A great morning the next day. After early light breakfast Leopard took the four of us in the motor launch upriver in what I take it is the main branch of the Okavango. We went for some distance, passing the camp of the baboon researchers. (The third researcher waved to us, a white man without Tony’s dark beard and without a shirt – so presumably not Jacinta.) We reached a pool where we spotted a distant hippo. Leopard was obviously – perhaps wisely – reluctant to venture closer. Our first hippo sighting and – alas! – all we could see were the bulbs of two eyes scoping us out, little piggy ears and occasionally a bit of head raised higher.
We continued along and after a bit we came upon four bathing hippos (they seem to bathe during the entirety of the day), blocking the river channel. We watched each other. Screwing up his courage, Leopard was able to rev the motor so as to provoke the hippos to dive. We charged past (and presumably over) them.
Later we scared two hippos just at the side of the channel and saw them dart into the water in a way that gave us some sense of their size.
We also parked the launch for a few minutes beside a young crocodile who remained immobile – except for breathing – during the entirety of our inspection. Teeth protruded from both sides of the jaw, almost as if stitching the jaw closed. Beautiful markings. Amazing protuberances on the tail. Later we saw the outline of quite a large crocodile beneath us in the water – and in parts the river teamed with fish, some quite large.
Leopard stopped the launch sometime later – we had been seeing red lechwes (they’re an antelope of these parts) and distant zebras grazing on the banks – and we got out of the launch. Walked inland on an island to a pool where we saw five hippos, again only the upper portions of their heads: eyes, nostrils and occasionally as much as mouths. Returning to the launch we had tea and looked upstream over the river to see two herds of lechwes grazing on either side of a swinging curve in the river. “The Peaceable Kingdom.” It reminded me of Bierstadt paintings of Yosemite in that we were viewing glorious, pristine, timeless nature seemingly undisturbed by man.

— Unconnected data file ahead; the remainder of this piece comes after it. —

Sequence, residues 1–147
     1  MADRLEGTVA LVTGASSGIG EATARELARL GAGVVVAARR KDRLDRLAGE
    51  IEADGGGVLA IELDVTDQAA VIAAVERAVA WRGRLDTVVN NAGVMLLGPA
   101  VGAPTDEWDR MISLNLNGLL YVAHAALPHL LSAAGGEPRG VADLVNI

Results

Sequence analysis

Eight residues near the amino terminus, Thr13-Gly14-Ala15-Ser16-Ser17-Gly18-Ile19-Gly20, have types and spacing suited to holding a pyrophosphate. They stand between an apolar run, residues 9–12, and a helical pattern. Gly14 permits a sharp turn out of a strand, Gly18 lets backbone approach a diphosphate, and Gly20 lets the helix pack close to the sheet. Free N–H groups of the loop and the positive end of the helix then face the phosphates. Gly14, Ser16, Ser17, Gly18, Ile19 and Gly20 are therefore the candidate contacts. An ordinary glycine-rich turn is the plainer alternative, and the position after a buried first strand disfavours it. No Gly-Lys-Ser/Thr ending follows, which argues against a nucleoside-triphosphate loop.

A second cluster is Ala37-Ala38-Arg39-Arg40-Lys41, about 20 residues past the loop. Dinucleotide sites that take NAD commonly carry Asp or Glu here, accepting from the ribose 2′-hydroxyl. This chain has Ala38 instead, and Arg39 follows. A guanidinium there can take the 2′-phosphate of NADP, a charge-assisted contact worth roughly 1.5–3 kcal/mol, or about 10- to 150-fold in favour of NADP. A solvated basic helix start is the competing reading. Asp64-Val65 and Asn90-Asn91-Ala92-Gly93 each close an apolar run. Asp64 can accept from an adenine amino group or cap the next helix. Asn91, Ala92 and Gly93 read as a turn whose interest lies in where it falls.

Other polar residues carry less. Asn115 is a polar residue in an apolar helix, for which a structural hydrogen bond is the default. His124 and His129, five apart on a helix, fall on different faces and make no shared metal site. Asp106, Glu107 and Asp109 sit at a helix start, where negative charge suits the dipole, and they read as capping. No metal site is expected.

I hoped we could continue upriver – don’t make us leave this magical place! Not just yet! – and, in fact, we did. In the clear air the colors are sparkling and vibrant – the blue of the sky accented by far-off cumulus clouds, the vital greens promising riches. Leopard, of course, called out the names of various birds we saw, not an interest of mine nor Paul’s, but one of D’s and especially Bill’s. These two are keeping lists of the critters we see.
When we reached as far upriver as we would go, there was some question of an interesting-looking shape under a tree at some distance. Bill checked out the shape with binoculars and declared it to be a lion. We went to investigate. Was it a lion? No. Yes! Male? No. Female. No, male! Leopard took us ever closer and we did make out that characteristic male lion profile, sitting very sensibly in the shade of a tree. “We have yet to see a cat move,” said Bill.
Suddenly, for a reason we couldn’t detect, the lion rose to a higher sitting position. Then he came out and sauntered majestically for perhaps 15 yards before disappearing behind bushes. Wonderfully tawny and muscled, muscles rippling as he walked. “A teenager,” pronounced Leopard. “The Leonardo di Caprio of lions,” quoth I. Quite a magnificent and lovely sight.
Back to camp. Breakfast. Packing. Tipping.
Two Afrikaner couples arrived on the plane that took us out: parents and other relatives of the camp manager at Savuti Elephant Camp. Also a young African woman who might be the daughter of Lecco who told us at breakfast that his daughter was joining him for Christmas.
Next post: More animals in Botswana!